B7: Businesses urged to galvanize net zero ambitions
Business and industry leaders attending this week’s B7 summit will be urged to accelerate a “once in a lifetime” moment to seize the monumental opportunities of a net zero transition.
The Business 7 (B7) is a mainstay of the G7 Presidency calendar. Led by the Confederation of British Industry (CBI), the three-day virtual summit, kicking off today, will bring together leading business organizations from across the G7 countries, with senior government ministers in attendance.
With six months to go until the crucial UN climate change summit, COP26, the B7 provides a prime opportunity to galvanize business ambition as well as showcase climate and nature breakthroughs.
COP26 President-Designate, Alok Sharma on Monday will address 200 CEOs from a range of sectors across G7+ countries, thanking companies that have signed up to the UN’s Race to Zero campaign and urging others to follow their lead in committing to help halve global emissions by 2030.
Since the UK took on the G7 Presidency in January 2021 there has been a 47% increase in major companies signing up to Race to Zero under the robust science-based Business Ambition for 1.5C initiative. These businesses now cover more than $13tn in market capital, and employ more than 19 million staff worldwide.
As of today, more than 2,000 companies from across 84 countries have committed to a net zero future. Actions to deliver on these pledges include Walmart working with over 3,000 of its suppliers globally to reduce their emissions through transitioning to renewable energy and making their operations more efficient. Kingfisher is promoting sustainable home products to help customers save resources and money, and is close to sourcing 100% of its wood and paper responsibly. And Enel has installed 29 million second generation smart meters, and 736,000 charging stations for electric vehicles.
Clear financial opportunities
According to Alok Sharma: “215 of the world’s biggest companies have almost $1 trillion at risk from climate impacts. Yet, those same companies have the potential to gain double that amount from the move to green economies.”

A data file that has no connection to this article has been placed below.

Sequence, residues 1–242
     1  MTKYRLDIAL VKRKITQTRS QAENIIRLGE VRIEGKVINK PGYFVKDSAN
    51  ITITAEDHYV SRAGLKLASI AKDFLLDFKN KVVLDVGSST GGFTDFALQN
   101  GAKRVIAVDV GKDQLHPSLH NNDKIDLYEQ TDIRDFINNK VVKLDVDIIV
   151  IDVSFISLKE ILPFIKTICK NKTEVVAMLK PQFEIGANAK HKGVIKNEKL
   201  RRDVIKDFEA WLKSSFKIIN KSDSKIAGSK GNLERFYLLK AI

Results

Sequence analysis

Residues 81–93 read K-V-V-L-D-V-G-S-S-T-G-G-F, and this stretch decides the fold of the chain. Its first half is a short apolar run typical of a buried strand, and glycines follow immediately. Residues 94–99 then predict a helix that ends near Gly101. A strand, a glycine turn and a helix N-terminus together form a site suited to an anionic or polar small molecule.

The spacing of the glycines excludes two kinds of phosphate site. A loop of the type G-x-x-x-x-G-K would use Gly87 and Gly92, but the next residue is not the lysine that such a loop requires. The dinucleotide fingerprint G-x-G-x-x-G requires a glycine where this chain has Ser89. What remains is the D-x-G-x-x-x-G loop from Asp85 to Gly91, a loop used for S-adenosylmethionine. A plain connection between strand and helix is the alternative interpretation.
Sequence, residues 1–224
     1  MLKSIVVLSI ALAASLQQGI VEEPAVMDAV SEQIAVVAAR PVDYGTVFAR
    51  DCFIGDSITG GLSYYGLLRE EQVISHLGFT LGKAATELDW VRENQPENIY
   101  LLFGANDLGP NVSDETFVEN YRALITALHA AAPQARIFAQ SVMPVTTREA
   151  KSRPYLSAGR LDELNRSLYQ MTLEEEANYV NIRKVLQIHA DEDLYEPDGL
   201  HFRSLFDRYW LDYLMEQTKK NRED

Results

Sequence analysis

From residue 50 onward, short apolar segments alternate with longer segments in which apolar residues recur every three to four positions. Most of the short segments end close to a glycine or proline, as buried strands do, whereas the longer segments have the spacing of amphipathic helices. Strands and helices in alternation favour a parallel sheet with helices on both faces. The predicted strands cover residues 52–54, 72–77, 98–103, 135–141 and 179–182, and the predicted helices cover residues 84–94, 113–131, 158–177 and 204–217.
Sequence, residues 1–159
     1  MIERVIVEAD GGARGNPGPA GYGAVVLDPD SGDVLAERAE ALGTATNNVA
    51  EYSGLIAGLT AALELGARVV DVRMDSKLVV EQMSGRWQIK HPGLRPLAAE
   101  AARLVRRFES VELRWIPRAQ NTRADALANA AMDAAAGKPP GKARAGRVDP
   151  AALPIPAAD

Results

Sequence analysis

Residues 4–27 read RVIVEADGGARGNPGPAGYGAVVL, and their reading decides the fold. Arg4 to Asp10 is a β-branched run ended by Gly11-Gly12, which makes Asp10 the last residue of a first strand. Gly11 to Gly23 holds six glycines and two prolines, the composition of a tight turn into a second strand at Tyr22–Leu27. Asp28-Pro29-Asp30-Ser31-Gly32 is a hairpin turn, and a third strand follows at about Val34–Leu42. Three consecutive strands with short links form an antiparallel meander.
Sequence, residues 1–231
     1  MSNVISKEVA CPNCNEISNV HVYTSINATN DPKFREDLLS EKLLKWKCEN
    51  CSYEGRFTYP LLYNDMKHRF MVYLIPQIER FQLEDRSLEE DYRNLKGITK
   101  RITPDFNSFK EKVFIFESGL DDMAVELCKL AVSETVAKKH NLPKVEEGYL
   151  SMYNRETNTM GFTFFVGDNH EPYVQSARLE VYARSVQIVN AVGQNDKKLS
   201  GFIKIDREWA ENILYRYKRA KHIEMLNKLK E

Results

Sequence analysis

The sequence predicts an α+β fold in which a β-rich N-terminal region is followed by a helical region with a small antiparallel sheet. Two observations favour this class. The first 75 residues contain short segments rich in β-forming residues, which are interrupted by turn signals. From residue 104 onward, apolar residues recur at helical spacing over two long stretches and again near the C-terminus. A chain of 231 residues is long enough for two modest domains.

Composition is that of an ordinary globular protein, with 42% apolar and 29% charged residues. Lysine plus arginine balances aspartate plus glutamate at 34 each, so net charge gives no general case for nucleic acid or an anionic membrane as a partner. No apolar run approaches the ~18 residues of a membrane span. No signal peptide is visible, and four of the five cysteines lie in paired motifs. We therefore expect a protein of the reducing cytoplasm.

“Joining Race to Zero is a clear statement that you can see the possibilities our green future presents. And that you are determined to take them. And it tells your customers that you are serious about genuine climate action,” he added.
Business and Energy Secretary Kwasi Kwarteng said: “We have a once in a lifetime opportunity to put the UK’s world-class collaboration between government and business into motion, ensuring we can create jobs, attract private capital and revive our industrial heartlands.”
215 of the world’s biggest companies have almost $1 trillion at risk from climate impacts
The B7 summit will provide a floor for businesses that have recently joined the Race to Zero to share ambition and best practice, including NatWest Group, Hitachi, Saint Gobain, Enel and HP Inc. Alison Rose, CEO of NatWest Group, said the bank was “committed to halve the impact of our financed emissions by 2030 and for them to be net zero by 2050.”
Participating B7 businesses are expected to put forward policy recommendations at the end of the summit, which will inform discussions at the G7 Summit in June, where G7 Leaders and guests will look to build agreement among the world’s most prominent democracies on how to create and sustain a green recovery from COVID.
Click here to find out more about the Race to Zero, the global campaign to rally leadership and support from businesses, cities, regions and investors for a healthy, resilient, zero carbon recovery that prevents future threats, creates decent jobs, and unlocks inclusive, sustainable growth.